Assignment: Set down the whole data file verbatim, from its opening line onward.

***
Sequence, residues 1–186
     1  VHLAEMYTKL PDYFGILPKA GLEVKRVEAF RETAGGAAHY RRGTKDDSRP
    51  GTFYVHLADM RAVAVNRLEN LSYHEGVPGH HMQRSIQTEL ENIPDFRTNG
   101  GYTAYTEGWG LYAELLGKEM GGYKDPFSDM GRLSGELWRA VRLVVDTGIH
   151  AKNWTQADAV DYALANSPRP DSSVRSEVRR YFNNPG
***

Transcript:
Sequence, residues 1–186
     1  VHLAEMYTKL PDYFGILPKA GLEVKRVEAF RETAGGAAHY RRGTKDDSRP
    51  GTFYVHLADM RAVAVNRLEN LSYHEGVPGH HMQRSIQTEL ENIPDFRTNG
   101  GYTAYTEGWG LYAELLGKEM GGYKDPFSDM GRLSGELWRA VRLVVDTGIH
   151  AKNWTQADAV DYALANSPRP DSSVRSEVRR YFNNPG